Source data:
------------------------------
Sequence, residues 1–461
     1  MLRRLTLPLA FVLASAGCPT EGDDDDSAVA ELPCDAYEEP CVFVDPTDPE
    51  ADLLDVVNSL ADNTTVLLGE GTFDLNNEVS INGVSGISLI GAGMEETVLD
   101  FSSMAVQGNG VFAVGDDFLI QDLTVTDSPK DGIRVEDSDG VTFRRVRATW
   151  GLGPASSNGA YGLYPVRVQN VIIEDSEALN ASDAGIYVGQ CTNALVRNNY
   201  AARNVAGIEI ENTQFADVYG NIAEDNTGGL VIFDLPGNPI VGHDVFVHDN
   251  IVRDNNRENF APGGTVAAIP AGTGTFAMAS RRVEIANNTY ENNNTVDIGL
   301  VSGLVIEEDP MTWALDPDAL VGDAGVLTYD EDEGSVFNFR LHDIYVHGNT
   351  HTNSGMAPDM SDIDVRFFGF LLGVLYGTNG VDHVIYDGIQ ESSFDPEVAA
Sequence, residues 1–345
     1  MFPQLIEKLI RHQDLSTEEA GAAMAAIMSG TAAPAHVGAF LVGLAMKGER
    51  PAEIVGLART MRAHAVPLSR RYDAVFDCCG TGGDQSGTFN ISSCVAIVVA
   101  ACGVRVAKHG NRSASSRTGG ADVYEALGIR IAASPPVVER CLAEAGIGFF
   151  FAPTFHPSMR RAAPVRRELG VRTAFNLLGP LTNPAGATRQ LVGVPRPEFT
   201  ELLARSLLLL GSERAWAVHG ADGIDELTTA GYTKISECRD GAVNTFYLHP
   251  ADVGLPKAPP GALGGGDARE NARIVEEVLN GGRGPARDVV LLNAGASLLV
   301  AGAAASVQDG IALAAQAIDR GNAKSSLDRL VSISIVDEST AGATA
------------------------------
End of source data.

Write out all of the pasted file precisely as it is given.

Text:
Sequence, residues 1–461
     1  MLRRLTLPLA FVLASAGCPT EGDDDDSAVA ELPCDAYEEP CVFVDPTDPE
    51  ADLLDVVNSL ADNTTVLLGE GTFDLNNEVS INGVSGISLI GAGMEETVLD
   101  FSSMAVQGNG VFAVGDDFLI QDLTVTDSPK DGIRVEDSDG VTFRRVRATW
   151  GLGPASSNGA YGLYPVRVQN VIIEDSEALN ASDAGIYVGQ CTNALVRNNY
   201  AARNVAGIEI ENTQFADVYG NIAEDNTGGL VIFDLPGNPI VGHDVFVHDN
   251  IVRDNNRENF APGGTVAAIP AGTGTFAMAS RRVEIANNTY ENNNTVDIGL
   301  VSGLVIEEDP MTWALDPDAL VGDAGVLTYD EDEGSVFNFR LHDIYVHGNT
   351  HTNSGMAPDM SDIDVRFFGF LLGVLYGTNG VDHVIYDGIQ ESSFDPEVAA
Sequence, residues 1–345
     1  MFPQLIEKLI RHQDLSTEEA GAAMAAIMSG TAAPAHVGAF LVGLAMKGER
    51  PAEIVGLART MRAHAVPLSR RYDAVFDCCG TGGDQSGTFN ISSCVAIVVA
   101  ACGVRVAKHG NRSASSRTGG ADVYEALGIR IAASPPVVER CLAEAGIGFF
   151  FAPTFHPSMR RAAPVRRELG VRTAFNLLGP LTNPAGATRQ LVGVPRPEFT
   201  ELLARSLLLL GSERAWAVHG ADGIDELTTA GYTKISECRD GAVNTFYLHP
   251  ADVGLPKAPP GALGGGDARE NARIVEEVLN GGRGPARDVV LLNAGASLLV
   301  AGAAASVQDG IALAAQAIDR GNAKSSLDRL VSISIVDEST AGATA